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REMEMBER LITTLE ROCK: The Time, the People, the Stories

National Geographic Society • 2009 (hc) • 2015 (pb)
(hc) ISBN 978-1-4263-0402-6 • $17.95
(pb) ISBN 978-1-4263-2247-1 • $7.99
64 pages • Ages 10 & up
Foreword by Terrence J. Roberts, Ph.D., of the Little Rock Nine

Winner of 2011 Arkansiana Award from the Arkansas Library Association for the best juvenile book representing Arkansas heritage and culture

*Starred Review - School Library Journal, March 2009
This thoroughly researched and carefully documented look at a pivotal civil rights battle offers fresh insights into the people and events that played out over the course of one school year. What motivated nine black teenagers, commonly referred to as “the Little Rock Nine,” to integrate an all-white school in Little Rock, AR, in September 1957 is presented along with the politics of the community, the state, and the nation. The book begins as Elizabeth Eckford prepares for what she believes will be the first day at her new high school and ends nine grueling months later when Ernest Green, the only senior in the group, graduates. Specific students, teachers, members of the military, and other adults are identified and where possible quoted either from primary sources or from background interviews by the author. An introduction by Terrence J. Roberts, PhD, one of the nine students, adds further credence to the material. Carefully selected archival photographs support and clarify the text. An epilogue describes Little Rock’s ongoing school integration efforts. An annotated time line of the Civil Rights Movement, selected postscripts on key participants, and quote sources complete this thought-provoking and handsome book.

Booklist, February 2009
Based on interviews with many participants as well as a wide array of published sources, Walker’s day-by-day account of the struggle to integrate Little Rock’s Central High School in 1957 offers readers an authoritative review of events as well as an engrossing narrative that highlights the episode’s high emotions, its historical significance, and the courage of those nine intrepid students and their supporters. The author includes a harrowing look at the continuing harassment that the Little Rock Nine and their families suffered well beyond the next year, then closes with an overview epilogue, a civil rights time line, and a set of postscripts for major figures. Illustrated with an array of news photos and yearbook portraits, and distinguished from most other versions documenting these events by its tempered treatment of the usually villainized Arkansas governor, Orvel Faubus, this thought-provoking study makes an excellent alternative for younger or less-able readers to Judith Bloom Fradin’s more detailed The Power of One: Daisy Bates and the Little Rock Nine (2004).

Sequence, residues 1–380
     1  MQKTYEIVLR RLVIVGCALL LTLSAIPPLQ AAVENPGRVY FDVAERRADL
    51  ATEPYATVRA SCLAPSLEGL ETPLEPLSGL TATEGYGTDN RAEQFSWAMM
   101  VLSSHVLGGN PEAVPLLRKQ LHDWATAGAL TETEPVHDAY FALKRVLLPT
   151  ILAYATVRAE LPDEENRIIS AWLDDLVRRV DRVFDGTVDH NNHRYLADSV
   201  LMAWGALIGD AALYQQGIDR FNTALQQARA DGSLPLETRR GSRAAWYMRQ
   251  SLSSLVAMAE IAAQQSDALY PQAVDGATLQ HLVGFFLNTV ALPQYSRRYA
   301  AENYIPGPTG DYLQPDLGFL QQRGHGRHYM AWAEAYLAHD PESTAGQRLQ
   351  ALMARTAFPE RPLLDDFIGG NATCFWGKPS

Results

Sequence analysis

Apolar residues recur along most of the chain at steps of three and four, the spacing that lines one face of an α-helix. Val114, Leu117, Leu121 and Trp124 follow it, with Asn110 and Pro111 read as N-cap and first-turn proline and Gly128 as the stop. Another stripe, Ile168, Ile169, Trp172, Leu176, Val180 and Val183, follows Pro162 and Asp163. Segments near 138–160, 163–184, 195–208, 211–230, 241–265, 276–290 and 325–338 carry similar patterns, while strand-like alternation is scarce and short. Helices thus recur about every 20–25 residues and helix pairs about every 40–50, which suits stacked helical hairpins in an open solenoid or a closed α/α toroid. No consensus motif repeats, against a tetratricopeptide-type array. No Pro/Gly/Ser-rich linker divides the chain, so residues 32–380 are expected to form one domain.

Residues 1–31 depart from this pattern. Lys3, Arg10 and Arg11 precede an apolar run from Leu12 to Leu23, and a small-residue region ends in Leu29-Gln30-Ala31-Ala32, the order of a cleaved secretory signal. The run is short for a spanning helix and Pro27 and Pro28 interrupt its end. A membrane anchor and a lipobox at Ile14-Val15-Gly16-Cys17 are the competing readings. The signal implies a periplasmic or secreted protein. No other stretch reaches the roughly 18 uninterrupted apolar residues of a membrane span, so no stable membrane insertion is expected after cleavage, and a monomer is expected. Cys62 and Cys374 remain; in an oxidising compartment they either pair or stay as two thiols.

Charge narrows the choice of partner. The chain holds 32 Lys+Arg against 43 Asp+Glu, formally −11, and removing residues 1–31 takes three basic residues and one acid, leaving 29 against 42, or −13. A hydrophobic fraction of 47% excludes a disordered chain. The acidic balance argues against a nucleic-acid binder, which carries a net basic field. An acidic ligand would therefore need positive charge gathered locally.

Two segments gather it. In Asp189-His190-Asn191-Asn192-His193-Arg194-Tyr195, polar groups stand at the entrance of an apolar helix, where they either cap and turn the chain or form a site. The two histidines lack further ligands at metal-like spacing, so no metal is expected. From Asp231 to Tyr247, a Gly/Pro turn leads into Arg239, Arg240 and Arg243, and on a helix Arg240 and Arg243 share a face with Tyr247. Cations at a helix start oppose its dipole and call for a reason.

From the book jacket...

“Two, four, six, eight…we ain’t gonna integrate!”
—Chant heard outside Central High School

It is September 1957. The place is Little Rock, Arkansas, where nine black students are attempting to integrate the up-to-now all-white Central High School.

The highest court in the land says it is their constitutional right to attend the school. The chanters clearly say blacks are not wanted. The events that followed shocked the nation.

Little Rock became a battleground between state and federal forces and between supporters and opponents of integration. Governor Faubus mobilized the Arkansas National Guard to surround Central High and keep the black students out. In response to this defiance of federal law, President Eisenhower ordered troops of the 101st Airborne to take control of the school and ensure that integration took place.

Caught in the middle of this conflict were nine brave, bright, and committed black students. Known and honored today as the Little Rock Nine, they suffered daily abuse and threats from a relatively small group of segregationist students whose actions likely reflected their parents’ attitudes more than their own. Caught, too, were the other white students. A handful of these stood up and supported the black students and, in turn, became targets of segregationist hatred. Most were part of a much larger silent majority, who tried to pursue their own education in a challenging and often chaotic environment.

Paul Robert Walker has thoroughly examined a wide range of material on the Little Rock crisis, including newspaper coverage, television footage, audio tapes, books, and manuscripts. He has interviewed many participants—white and black—and attended all the events of the Central High 50th Anniversary Celebration in September 2007. In Remember Little Rock he offers a new perspective on this pivotal civil rights event—one that will challenge you to think about how you would have acted if you had been a student at Central High in 1957.

Signing books with Carlotta Walls LaNier and Terrence Robert of the Little Rock Nine...Little Rock, Arkansas, September 23, 2009. Sharing this experience with two American heroes whom I am fortunate to call my friends was one of the proudest moments of my life.

"Testament," a life-sized bronze sculpture by John and Kathy Deering on the grounds of the Arkansas State Capitol.

Little Rock's Central High School, still as beautiful today as when it was built in 1929. To the Little Rock Nine, it seemed like the Promised Land — but the promise proved more dangerous and elusive than they expected.

Photo credits: (upper) Fletch Williams,; (middle & lower) Paul Robert Walker